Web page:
Standing on the shoulders of giants, Morning Star 24 May 2019

28th May 2019

SOUTHAMPTON May Day celebrations were hosted jointly by Unite Community and Extinction Rebellion.

Extinction Rebellion is to be commended for keeping the climate emergency on the front pages. Occupying and greening public spaces, such as Waterloo Bridge, is in the best direct action tradition.

I’m more sceptical about disrupting public transport in the name of climate change, or protesting outside Jeremy Corbyn’s house when they recognise that he is the best hope to get us out of climate emergency. But all movements make mistakes.

The May Day event was in the best traditions of the day; the labour movement and the environmental movement working together and learning from each other.

Extinction Rebellion is not solely a movement of the young, but it is very much led by them. And of course the School Strike 4 Climate is, by definition, a young person’s movement. Indeed that’s the very point: if we don’t solve the climate emergency and halt global warning, their lives are at risk.

I was pleased to hear Extinction Rebellion saying at the May Day event that they are “standing on the shoulders of giants.”

It denotes a certain humility and recognition of history. The phrase was most famously used by Isaac Newton, and currently inscribed on our £2 coin in his honour. But Newton himself was quoting from medieval scholars and classical imagery.

The phrase is most commonly used in the scientific community to acknowledge that scientific breakthroughs build on previous discoveries. But it has a proud history within the labour movement as well.

Corbyn, speaking to the Scottish Labour Conference in Dundee in March 2018, used it to commemorate “those women trade unionists working in the jute industry in the 19th and 20th centuries.”

We say it regularly to acknowledge those who built the trade union movement, often at great sacrifice and surviving hardship and persecution; those who built the Labour Party and our welfare state; those who put their bodies on the line for women’s suffrage, civil rights and liberation movements; and those who fought for independence against colonialism and national self-determination.

When it comes to climate justice, we stand on the shoulders of scientists and of political activists. The scientific consensus that there is such a thing as climate change, that human activity is the cause and that we are at risk of destroying our planet is now clear, denied only by a few cranks.

The issue now is political action. We are inspired by individual acts of witness, such as Greta Thunberg’s quiet, determined refusal to attend school on Fridays, which quickly spread to the global school strike. We are inspired by mass collective protest, such as that by Extinction Rebellion or, as I write this, Greenpeace’s activists shutting down BP.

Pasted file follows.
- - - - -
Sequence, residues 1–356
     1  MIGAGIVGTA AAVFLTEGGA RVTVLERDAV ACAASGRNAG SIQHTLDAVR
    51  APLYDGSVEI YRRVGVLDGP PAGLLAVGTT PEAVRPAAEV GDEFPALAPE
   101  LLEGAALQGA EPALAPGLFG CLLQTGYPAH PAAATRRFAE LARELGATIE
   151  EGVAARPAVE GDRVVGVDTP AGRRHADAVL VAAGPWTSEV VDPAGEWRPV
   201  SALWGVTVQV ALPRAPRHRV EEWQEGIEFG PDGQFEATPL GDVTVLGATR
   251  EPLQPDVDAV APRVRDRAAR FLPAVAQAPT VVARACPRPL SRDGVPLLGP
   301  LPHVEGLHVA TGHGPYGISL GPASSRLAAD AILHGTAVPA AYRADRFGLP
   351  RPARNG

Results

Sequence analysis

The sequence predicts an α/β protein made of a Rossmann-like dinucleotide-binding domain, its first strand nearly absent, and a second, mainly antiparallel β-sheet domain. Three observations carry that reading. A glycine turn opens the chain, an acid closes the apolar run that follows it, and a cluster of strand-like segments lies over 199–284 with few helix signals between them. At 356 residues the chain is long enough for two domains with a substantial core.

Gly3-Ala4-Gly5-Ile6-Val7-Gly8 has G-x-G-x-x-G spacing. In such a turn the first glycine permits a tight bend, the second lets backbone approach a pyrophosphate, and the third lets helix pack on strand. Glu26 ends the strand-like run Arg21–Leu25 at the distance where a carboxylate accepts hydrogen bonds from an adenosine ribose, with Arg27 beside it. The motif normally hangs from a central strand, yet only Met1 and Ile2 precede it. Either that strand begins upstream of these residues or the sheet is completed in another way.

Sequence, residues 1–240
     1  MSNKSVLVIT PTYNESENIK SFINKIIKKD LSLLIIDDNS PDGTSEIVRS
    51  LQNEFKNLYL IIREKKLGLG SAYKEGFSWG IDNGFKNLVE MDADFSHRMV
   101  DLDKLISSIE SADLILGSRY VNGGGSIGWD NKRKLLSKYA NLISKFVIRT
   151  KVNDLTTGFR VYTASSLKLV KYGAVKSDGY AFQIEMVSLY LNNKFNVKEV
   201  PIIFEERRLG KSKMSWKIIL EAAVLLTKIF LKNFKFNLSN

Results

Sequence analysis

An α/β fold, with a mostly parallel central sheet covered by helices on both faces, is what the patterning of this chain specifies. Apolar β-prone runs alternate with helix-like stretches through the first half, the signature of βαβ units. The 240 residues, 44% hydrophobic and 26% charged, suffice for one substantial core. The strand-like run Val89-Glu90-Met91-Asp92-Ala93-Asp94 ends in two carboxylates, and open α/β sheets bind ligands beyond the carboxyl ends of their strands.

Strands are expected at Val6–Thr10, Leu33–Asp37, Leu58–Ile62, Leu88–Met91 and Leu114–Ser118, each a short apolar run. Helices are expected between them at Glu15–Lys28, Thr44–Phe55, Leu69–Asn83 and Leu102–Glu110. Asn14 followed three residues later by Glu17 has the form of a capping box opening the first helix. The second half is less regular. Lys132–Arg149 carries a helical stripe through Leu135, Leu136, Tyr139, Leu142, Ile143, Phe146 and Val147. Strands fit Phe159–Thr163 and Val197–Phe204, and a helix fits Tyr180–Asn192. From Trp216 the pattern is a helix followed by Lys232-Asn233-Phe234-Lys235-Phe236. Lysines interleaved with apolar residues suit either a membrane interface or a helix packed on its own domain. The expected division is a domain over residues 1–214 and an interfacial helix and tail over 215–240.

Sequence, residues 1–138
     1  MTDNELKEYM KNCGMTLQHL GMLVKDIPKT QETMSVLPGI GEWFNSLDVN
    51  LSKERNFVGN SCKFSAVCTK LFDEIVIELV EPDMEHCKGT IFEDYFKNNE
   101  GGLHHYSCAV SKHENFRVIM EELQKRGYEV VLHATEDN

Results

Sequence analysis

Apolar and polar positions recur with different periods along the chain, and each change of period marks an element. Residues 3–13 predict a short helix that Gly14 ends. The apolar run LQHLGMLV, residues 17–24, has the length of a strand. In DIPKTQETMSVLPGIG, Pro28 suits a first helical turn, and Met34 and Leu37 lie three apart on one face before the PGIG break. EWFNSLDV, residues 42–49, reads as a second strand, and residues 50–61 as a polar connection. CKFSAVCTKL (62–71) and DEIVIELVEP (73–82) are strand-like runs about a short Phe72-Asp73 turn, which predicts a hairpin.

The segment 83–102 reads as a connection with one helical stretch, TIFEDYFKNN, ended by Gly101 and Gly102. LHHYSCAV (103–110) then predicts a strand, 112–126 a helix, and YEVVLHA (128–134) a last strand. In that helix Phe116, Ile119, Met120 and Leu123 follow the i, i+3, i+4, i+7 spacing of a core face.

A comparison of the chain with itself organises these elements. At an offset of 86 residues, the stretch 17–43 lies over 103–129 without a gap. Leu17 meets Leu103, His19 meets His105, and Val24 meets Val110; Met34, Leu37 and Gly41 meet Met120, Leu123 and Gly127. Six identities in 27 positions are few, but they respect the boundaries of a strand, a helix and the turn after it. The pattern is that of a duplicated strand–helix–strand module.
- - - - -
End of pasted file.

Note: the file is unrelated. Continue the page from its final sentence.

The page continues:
The great achievement is that mainstream politicians now accept that there is an emergency. The Labour Party took the initiative to ask Parliament to declare a climate emergency, gaining cross-party support.

Councils across the country have been innovative: the mayor of London aims for London to be a zero-carbon city by 2050, which would both reduce fossil fuel usage and tackle air pollution and fuel poverty.

In Southampton, Labour’s proposed Green City Charter was delayed by the Tories, despite claiming to campaign on climate change. Bristol City Council aims for zero carbon by 2030.

And councils are beginning to adopt the Preston model of procuring services from the local community: thinking globally and acting locally.

We can’t shy away from the class impact of climate change. On one level, it affects everyone. The rich can’t buy their way out of the consequences of the planet dying. And even if they live in gated communities, pay for expensive water and air conditioning, they can’t escape the effects of air pollution.

But while we still have water, the rich will pay for their supplies and will rail against the millions of environmental refugees leaving resource-depleted regions.

The consequences of climate change — droughts, fires, and floods — will have far more impact on the poor, particularly in the global South. As socialists and internationalists, we cannot let that happen.

Labour’s green environmental policy, bringing together economic and environmental principles and committing to banning fracking, encouraging renewable energy and making solar power affordable, is a good start.

Labour for a Green New Deal makes the point that there is no conflict between jobs and saving the planet, arguing for state intervention and investment so as to achieve zero carbon by 2030, and for solidarity with climate refugees.

Mainstream politicians now, particularly Labour politicians, should not forget that they stand on the shoulders of giants. Labour’s 20th century achievement of creating the NHS and the welfare state needs to be matched in the 21st century by a green revolution, based on redistributive, anti-poverty and internationalist principles.

Liz Davies is a barrister specialising in housing rights, an active member of Southampton Test Labour Party and vice-president of the Haldane Society of Socialist Lawyers. She blogs at

Liz Davies is a Labour Party activist and housing rights barrister. Member of Southampton Test CLP and Unite the Union. Previously secretary for Hackney North CLP (2017–2018). Co-author Housing Allocation and Homelessness law and practice (Luba, Davies, Johnston and Buchanan, 2018, LexisNexis) and Honorary Vice-President of the Haldane Society of Socialist Lawyers. Her professional profile is here. She cannot respond to queries about legal cases through this website.

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